Sunday, February 1, 2015

Monica's Favorite Photo (of Monica!)

This is cheating a bit. It is indeed one of my favorite pictures or myself, but maybe not the most favorite.

Why do I like it?

Well, I think it looks quite convincing for a non-op/non-hormone gal! My face is nicely made up and it even has a dewy glow. My natural hair wig is looking good. The makeup has made my jaw look much pointier and less square. All in all, I would be disappointed if I did not mostly pass looking like this. It is a strong face; but not an unfeminine one.

I have blanked out my eyes, not because I am ashamed or because I think people will recognise me; I am very sure they will not (hi Veronica!), but because I do not want to take the chance of somebody with facial recognition software outing me when I am not ready. I am not out to family and friends... yet! I want to ensure I do it on my own time.

I have a question for those who read this blog. I have seen many of you express in writing how you love being a woman. I love being a woman, too. I exist as a guy, but, as a woman I live! Us non-op/pre-op non/pre-hormone people seem very positive and joyful about the experience of being women. Is this the same for post-op people?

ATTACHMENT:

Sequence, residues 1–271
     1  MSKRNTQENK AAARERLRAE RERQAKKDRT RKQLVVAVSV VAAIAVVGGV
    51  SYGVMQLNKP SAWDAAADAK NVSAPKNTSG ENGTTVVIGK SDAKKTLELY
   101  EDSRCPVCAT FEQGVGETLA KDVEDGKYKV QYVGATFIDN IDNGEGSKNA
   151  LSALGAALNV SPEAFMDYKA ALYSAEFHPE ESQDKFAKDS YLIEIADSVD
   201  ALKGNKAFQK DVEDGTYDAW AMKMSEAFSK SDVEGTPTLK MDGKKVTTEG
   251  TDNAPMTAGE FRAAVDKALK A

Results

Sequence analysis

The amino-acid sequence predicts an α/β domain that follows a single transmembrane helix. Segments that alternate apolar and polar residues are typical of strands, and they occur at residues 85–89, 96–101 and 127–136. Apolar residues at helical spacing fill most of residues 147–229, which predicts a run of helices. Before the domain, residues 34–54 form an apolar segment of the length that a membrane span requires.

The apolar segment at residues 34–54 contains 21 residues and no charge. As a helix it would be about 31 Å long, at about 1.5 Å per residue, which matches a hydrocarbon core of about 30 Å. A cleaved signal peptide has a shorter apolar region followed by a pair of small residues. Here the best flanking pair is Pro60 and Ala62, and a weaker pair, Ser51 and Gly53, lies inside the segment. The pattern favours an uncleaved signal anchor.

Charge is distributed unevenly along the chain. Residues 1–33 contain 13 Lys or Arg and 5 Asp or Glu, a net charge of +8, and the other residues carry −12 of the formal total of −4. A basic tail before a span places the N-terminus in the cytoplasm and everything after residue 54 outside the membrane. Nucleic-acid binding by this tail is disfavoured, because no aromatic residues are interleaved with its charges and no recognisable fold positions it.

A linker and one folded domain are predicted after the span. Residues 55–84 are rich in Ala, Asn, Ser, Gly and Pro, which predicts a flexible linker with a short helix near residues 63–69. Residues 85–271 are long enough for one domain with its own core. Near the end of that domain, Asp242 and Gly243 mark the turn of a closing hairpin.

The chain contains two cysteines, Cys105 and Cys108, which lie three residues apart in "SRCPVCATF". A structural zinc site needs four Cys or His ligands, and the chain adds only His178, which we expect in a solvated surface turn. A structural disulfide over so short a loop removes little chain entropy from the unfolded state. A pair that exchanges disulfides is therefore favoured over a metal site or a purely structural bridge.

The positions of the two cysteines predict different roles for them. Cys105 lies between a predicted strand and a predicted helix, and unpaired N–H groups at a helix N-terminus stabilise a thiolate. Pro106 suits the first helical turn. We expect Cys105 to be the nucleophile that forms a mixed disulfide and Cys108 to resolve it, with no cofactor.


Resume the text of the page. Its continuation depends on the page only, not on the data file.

I only ask as my wife does not go around every day (unlike me!) saying things like, “I just love being a woman!” Are us part-timers living in a permanent pink cloud. Do the post-ops lose the pink cloud ecstasy that we have? If so, why go full-time or even have the op? Just askin!

In response to my open invitation to send your favorite photo along with the story behind it and the reason it is your favorite photo, I received a lot of photos and stories that I am posting in the the order I received them. My invitation still stands, so don't be shy, send me your fave foto!

Source: Madeleine

Wearing Madeleine.

British sailors circa 1920.


  1. Hi Monica,

    I love my life as a part timer but realize that there is a certain euphoria present that would go away when the reality of full time living would set in. There are challenges we would face that we don't at present. All this to say that there is nothing wrong with being the way we are but we do live in a kind of bubhle that could burst once you cross over to the other side.


  2. Interesting questions Monica (and a lovely photo). Speaking as a straight person comfortable with their own privilege (and I have seen it in action a lot), I would assume that both pre- and post-op people are happy to be women but no more or less than those born in female bodies.

    If anything, I'd say they would notice male privilege more post-op than pre- and, like your wife, probably not go around permanently saying how happy they are to be women except in circles where people knew it was not always perfectly aligned.

    Mind you, that's my privilege talking. I imagine people with the actual experience have more pertinent things to say on the matter! :)